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'[PIC] Read Flash of PIC16F916'
2012\04\06@081454 by AdiCH

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Hi

I try to read the flash ROM of my PIC16F916 to calculate a checksum.
I use the MPLAB and the PICC v9.83 Compiler.

I tried this c function:

unsigned int ReadFlash( unsigned int address ) {
  EEADRL = address%256;
  EEADRH = address/256;
  EEPGD = 1; // program memory
  RD = 1;    // read
  ;
  ;
  return EEDATH*256 + EEDATL;
}

and everything in assembler:

unsigned char low3;
unsigned char high3;

unsigned int dataFlash;

void main() {

  #asm
     BCF        _STATUS, 5
     BCF        _STATUS, 6
     MOVF       _low3, W
     BSF        _STATUS, 6
     MOVWF      _EEADR
     BCF        _STATUS, 6
     MOVF       _high3, W
     BSF        _STATUS, 6
     MOVWF      _EEADRH
     BSF        _STATUS, 5
     BSF        _EECON1, 7
     BSF        _EECON1, 0
     NOP
     NOP
     BCF        _STATUS, 5
     MOVF       _EEDATH, W
     MOVWF      _dataFlash+1
     CLRF       _dataFlash
     MOVF       _EEDATA, W
     IORWF      _dataFlash, F
     MOVLW      0       IORWF      _dataFlash+1, F
  #endasm
}

But both are not working, if I debug it most of the time the register EEDATA
and EEDATH have the right value. But if I copy it to the variable dataFlash
it is 0.

With the mikroC compiler is a function to read the flash that works. But I
can not use this compiler because the build hex file is much bigger and has
no space on the PIC.

Any idea what is wrong or how I can read the flash ROM?

thanks

Adrian
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2012\04\06@090224 by Neil

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In the statement "return EEDATH*256 + EEDATL;"  what's probably happening is that the variable/register EEDATH is not sized properly to handle being multiplied by 256.  Try creating a temporary unsigned int, copying EEDATH to that, then adding EEDATL to it, and then return it.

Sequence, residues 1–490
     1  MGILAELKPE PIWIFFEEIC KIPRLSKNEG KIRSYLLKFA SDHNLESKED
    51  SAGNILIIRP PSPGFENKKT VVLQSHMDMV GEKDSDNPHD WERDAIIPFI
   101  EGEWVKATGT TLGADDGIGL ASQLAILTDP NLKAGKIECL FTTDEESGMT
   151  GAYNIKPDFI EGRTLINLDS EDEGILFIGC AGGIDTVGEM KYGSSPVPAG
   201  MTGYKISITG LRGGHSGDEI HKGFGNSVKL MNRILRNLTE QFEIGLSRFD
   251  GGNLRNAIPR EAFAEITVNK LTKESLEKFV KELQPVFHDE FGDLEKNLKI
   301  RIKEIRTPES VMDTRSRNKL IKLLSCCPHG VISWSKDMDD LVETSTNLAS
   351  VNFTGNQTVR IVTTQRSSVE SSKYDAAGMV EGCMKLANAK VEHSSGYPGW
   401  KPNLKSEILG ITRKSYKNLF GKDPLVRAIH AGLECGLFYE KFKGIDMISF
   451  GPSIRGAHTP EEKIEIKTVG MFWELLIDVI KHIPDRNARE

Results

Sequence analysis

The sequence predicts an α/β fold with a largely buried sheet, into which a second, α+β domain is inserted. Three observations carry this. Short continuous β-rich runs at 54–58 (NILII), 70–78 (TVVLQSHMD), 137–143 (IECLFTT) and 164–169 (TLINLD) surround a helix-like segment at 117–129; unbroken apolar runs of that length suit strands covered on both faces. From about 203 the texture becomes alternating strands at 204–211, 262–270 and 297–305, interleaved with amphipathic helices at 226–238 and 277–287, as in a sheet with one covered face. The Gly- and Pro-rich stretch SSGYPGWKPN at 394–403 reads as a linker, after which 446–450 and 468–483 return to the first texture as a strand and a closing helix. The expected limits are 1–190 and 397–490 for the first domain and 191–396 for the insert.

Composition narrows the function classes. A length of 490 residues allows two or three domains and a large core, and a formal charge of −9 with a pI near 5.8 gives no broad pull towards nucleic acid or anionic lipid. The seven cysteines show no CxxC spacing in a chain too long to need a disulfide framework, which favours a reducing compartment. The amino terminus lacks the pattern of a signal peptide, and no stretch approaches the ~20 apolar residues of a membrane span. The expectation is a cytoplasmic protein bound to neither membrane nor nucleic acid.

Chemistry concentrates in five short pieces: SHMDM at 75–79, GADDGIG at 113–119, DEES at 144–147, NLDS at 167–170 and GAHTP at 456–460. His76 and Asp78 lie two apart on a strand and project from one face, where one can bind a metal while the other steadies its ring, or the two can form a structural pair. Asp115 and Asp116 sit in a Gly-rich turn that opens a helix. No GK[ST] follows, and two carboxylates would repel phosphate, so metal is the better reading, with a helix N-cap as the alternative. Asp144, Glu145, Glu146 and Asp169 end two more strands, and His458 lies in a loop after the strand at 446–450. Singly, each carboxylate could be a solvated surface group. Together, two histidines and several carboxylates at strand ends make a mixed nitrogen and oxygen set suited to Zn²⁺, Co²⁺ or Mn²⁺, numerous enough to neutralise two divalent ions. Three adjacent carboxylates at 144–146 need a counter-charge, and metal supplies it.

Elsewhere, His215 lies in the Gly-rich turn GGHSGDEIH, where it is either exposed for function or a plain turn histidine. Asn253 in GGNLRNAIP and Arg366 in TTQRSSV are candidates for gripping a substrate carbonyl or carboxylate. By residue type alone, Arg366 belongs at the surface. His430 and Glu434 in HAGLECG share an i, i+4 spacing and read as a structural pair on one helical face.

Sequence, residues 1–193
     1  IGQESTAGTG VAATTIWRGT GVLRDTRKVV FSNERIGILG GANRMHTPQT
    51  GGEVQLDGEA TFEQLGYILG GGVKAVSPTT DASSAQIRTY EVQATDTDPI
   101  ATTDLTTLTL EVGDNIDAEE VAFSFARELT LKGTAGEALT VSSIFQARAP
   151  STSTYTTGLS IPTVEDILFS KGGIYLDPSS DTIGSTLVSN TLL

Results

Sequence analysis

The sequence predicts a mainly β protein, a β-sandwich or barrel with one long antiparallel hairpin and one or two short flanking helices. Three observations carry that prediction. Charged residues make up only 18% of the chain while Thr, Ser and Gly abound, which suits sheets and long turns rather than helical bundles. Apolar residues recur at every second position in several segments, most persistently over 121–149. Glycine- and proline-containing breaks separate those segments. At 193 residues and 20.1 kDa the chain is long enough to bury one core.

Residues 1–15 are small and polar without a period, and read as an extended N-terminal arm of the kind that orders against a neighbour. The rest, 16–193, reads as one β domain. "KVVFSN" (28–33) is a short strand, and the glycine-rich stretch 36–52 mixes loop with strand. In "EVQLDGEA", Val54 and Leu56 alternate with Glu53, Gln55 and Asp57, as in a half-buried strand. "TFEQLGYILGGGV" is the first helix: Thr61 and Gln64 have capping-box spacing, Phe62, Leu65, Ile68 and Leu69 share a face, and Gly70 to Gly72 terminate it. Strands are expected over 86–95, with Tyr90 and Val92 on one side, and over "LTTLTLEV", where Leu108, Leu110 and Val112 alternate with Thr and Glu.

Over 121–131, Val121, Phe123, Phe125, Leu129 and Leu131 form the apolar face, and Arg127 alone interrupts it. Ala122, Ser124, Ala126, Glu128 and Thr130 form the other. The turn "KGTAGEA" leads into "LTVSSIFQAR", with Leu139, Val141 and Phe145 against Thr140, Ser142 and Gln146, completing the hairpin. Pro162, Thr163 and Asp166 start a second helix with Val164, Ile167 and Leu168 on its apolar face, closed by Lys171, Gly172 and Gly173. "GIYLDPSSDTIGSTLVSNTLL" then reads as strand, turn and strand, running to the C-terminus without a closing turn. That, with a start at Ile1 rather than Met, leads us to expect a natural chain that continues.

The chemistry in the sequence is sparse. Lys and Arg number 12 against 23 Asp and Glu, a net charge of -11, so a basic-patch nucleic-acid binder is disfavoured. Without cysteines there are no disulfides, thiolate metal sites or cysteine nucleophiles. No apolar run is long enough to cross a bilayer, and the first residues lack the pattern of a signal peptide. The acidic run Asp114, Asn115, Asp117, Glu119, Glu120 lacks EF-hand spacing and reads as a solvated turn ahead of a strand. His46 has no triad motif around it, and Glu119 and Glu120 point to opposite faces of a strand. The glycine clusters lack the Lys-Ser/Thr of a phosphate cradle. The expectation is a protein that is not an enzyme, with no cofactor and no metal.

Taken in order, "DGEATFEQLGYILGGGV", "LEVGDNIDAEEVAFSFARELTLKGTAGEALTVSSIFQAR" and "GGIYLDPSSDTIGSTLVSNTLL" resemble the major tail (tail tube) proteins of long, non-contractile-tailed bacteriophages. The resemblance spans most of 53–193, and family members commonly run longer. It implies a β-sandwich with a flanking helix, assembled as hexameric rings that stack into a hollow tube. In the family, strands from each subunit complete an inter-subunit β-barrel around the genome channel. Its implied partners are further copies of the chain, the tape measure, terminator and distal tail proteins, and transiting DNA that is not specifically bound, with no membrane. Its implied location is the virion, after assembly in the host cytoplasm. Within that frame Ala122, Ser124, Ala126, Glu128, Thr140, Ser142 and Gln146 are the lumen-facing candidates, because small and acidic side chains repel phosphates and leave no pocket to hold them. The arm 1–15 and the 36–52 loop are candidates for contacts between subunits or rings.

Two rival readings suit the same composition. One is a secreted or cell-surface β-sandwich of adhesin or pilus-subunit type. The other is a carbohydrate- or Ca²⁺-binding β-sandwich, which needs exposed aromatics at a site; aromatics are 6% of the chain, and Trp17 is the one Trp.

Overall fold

Cheers,
-Neil.


On 4/6/2012 8:14 AM, AdiCH wrote:
{Quote hidden}

> Adrian

2012\04\10@044108 by Michael Rigby-Jones

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{Quote hidden}

I'm not surprised the assembler version is not working, the code for transferring the data from EEDATH/EEDATA into 'dataflash' is visibly wrong; I have added comments below:

MOVF       _EEDATH, W                ; EEDATH is now in W
MOVWF      _dataFlash+1                ; EEDATH is now in MSB of 'dataflash'
CLRF       _dataFlash                ; LSB of 'dataflash' is now zero
MOVF       _EEDATA, W                ; EEDATA is now in W
IORWF      _dataFlash, F        ; EEDATA is now in LSB of 'dataflash'
MOVLW      0                        ; W=0
IORWF      _dataFlash+1, F        ; MSB of 'dataflash' is now zero.

Why not do this?

MOVF       _EEDATH, W                ; EEDATH is now in W
MOVWF      _dataFlash+1                ; EEDATH is now in MSB of 'dataflash'
MOVF       _EEDATA, W                ; EEDATA is now in W
MOVWF      _dataFlash, F        ; EEDATA is now in LSB of 'dataflash'


Please note I have not checked that your bank switching is correct; it would be much better to use macros to do this if your compiler supports this in inline assembler.


In the C version it looks like you are assuming that a line that contains only a semicolon will be converted into a NOP operation, are you certain this is the case? In the compilers I use a semicolon by itself will not produce any code, and you might need to use inline assembler to insert a NOP (or your compiler may provide a macro to do this).

Also be very careful using the modulo operator to extract high and low bytes from a word. A modulo operation is very expensive in terms of CPU cycles.  The optimiser may fix this if it notices you are doing a simple byte move operation, but don't count on it.  A simple bit shift/mask is a much better idea:

EEADRL = address & 0xFF;
EEADRH = address >> 8;

Cheers

Mike

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